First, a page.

31st December 2017

New decline in US life expectancy due to opioids

Many drug-related deaths, particularly those resulting from opioid overdoses, have contributed to a reduction in life expectancy among Americans for the second year in a row in 2016, in an unprecedented decline since the early 1960s.

 In 2016, life expectancy at birth in the United States was 78.6 years, compared with 78.7 years in 2015, a decline of nearly one month, and 78.9 years in 2014, according to statistics published by the Centers for Disease Control and Prevention (CDC).

"It  was the first time that the overall life expectancy in the United States has declined two years in a row since the early 1960s" said Robert Anderson, director of statistics at the CDC center. He noted that “The key factor in all this is the increase in drug overdose deaths.” For a long time the high number of deaths from overdoses was offset by the decline in deaths from heart disease-vascular, but this decline has slowed."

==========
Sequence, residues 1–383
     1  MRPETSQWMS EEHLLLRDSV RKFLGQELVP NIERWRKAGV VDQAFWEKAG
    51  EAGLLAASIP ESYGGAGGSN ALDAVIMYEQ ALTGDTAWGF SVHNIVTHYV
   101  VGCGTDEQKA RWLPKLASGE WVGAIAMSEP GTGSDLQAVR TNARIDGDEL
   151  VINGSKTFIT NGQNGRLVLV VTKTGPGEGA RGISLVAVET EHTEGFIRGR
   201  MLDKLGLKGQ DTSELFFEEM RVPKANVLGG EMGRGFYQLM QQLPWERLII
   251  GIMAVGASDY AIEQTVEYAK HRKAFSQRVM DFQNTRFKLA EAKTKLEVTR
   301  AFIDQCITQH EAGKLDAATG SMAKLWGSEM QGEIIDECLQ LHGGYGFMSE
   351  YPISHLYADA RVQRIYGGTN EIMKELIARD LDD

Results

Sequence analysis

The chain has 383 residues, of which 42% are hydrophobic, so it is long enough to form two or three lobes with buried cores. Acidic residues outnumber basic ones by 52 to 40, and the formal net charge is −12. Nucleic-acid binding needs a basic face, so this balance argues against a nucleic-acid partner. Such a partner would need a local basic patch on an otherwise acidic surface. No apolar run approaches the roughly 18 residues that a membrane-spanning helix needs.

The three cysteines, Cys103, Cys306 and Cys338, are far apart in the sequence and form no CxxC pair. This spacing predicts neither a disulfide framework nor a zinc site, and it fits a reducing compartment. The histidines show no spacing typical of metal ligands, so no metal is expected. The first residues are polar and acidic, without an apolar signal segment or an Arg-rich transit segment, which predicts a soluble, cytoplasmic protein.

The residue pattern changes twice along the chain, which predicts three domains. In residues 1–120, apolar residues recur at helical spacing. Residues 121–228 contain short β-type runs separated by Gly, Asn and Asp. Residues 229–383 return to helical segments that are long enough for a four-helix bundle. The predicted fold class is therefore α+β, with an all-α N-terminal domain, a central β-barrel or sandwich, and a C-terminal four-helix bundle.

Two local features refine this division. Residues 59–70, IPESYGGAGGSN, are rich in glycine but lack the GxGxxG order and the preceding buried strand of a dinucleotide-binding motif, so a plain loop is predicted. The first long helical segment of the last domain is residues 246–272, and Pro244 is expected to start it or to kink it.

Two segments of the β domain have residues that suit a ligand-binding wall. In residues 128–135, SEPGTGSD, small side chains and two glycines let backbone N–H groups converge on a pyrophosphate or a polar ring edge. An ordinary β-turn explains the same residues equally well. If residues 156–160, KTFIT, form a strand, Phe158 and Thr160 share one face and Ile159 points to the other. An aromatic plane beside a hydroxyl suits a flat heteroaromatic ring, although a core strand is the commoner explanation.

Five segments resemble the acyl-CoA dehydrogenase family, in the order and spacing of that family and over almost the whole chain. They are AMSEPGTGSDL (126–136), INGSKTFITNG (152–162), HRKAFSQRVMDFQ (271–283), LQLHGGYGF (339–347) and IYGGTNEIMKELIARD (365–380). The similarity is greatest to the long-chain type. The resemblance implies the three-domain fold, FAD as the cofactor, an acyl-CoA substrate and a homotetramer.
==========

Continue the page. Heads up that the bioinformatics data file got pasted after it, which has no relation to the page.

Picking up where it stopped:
By the end of October, US President Donald Trump described the opioid addiction as a "health emergency" and promised to eliminate this "scourge", while stressing that it "will take several years."

An estimated 2 million Americans are addicted to opioids. This type of drug includes antidepressants, such as Fentanyl and Oxycontein, as well as heroin  which is often mixed with other substances.

The decline in life expectancy in 2015 was also associated with the opioids crisis, the first recorded since 2013.

In 2016, the United States recorded 63,600 deaths from overdose, or 174 per day, according to the latest statistics. This represents 19.8 per 100,000 people, an increase of 20 per cent compared to 2015 (16.3 per 100,000 inhabitants). This rate has increased threefold since 1999 (6.1 per 100,000 inhabitants).

Among adults aged between 25 and 54 years old, this rate is 35 per 100,000. "The sad figures published today by the CDC Centers confirm that we are losing a generation of Americans because of addiction, which is a preventable disease," said the addiction policy group.

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